What substances do not sublime

As sublimation, seldom too sublimation, one describes in thermodynamics the process of the immediate transition of a substance from the solid to the gaseous aggregate state. Under the pressure and temperature conditions under which sublimation occurs, there is no liquid aggregate state, as can be seen in the phase diagram on the right. These conditions are also known as sublimation pressure (physics) and sublimation temperature, or taken together as Sublimation point. This in turn is part of the sublimation curve of the phase diagram, which is given in the adjacent example by the phase boundary line between solid and gas below the triple point.

The phase change in the opposite direction to sublimation is called resublimation, whereby the resublimation point for pure substances is identical to the sublimation point. In the case of mixtures, it must be noted that both can differ and therefore the direction of the phase transition also plays a role in this case.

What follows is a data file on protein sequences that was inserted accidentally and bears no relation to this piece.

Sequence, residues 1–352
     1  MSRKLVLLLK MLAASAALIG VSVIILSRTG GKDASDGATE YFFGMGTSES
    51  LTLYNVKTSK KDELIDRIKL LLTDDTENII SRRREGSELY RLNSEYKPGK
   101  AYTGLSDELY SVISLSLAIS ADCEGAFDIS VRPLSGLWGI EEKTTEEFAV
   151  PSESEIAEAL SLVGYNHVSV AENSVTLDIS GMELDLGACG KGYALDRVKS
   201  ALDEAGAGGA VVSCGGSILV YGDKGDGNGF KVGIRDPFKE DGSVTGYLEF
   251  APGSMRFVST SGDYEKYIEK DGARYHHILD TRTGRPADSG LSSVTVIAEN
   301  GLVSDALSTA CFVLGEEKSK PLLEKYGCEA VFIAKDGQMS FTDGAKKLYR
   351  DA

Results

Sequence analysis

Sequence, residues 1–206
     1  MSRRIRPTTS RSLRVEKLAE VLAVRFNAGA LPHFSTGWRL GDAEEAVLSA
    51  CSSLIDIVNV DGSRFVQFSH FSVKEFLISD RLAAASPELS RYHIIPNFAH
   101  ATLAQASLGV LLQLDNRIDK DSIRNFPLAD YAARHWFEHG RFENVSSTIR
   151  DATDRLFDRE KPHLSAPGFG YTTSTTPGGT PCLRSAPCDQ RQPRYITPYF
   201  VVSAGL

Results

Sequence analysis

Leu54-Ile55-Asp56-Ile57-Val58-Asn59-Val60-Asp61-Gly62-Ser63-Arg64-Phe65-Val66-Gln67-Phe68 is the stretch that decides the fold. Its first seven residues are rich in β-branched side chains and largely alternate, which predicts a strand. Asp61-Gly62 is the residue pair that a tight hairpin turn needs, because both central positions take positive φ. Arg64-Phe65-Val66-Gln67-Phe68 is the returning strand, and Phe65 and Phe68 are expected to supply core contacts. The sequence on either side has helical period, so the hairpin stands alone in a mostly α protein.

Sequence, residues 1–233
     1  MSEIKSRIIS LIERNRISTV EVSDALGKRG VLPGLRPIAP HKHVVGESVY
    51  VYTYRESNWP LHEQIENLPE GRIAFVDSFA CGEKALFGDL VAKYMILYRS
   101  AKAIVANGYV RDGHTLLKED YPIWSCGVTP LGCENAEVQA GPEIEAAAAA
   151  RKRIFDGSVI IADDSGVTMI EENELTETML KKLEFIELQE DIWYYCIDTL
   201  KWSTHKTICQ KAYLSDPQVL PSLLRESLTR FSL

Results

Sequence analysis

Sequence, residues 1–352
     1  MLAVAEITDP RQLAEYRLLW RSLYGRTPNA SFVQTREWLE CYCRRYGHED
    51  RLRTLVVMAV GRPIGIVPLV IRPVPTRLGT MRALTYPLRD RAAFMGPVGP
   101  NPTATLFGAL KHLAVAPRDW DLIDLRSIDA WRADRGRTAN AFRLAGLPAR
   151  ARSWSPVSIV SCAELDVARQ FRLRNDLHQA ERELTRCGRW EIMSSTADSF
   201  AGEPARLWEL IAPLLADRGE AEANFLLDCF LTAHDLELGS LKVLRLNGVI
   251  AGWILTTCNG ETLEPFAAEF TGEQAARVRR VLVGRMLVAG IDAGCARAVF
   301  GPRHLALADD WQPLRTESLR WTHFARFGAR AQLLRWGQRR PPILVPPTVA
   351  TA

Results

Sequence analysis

If there is a sublimation temperature at normal pressure, this is called the normal sublimation temperature and the substance is tabulated with its value without additionally specifying the sublimation pressure.

Every substance absorbs the so-called sublimation heat during its sublimation, which is equal to the sum of the heat of fusion and evaporation.


  • Dry ice, frozen carbon dioxide at -78.5 ° C, sublimes when heated and therefore immediately turns into a gas. Under normal pressure, no liquid such as B. with water ice, which is why the name dry ice came about.
  • Boron, carbon, iodine and arsenic, but also organic compounds such as camphor, change directly into the gaseous state of aggregation like carbon dioxide when heated under normal pressure.
  • When processing materials using lasers, sublimation occurs in some processes with high pulse power. The material does not burn, but changes directly from the solid to the gaseous state. The result is a very clean cut with no slag or frayed edges.

Category: Thermodynamic Process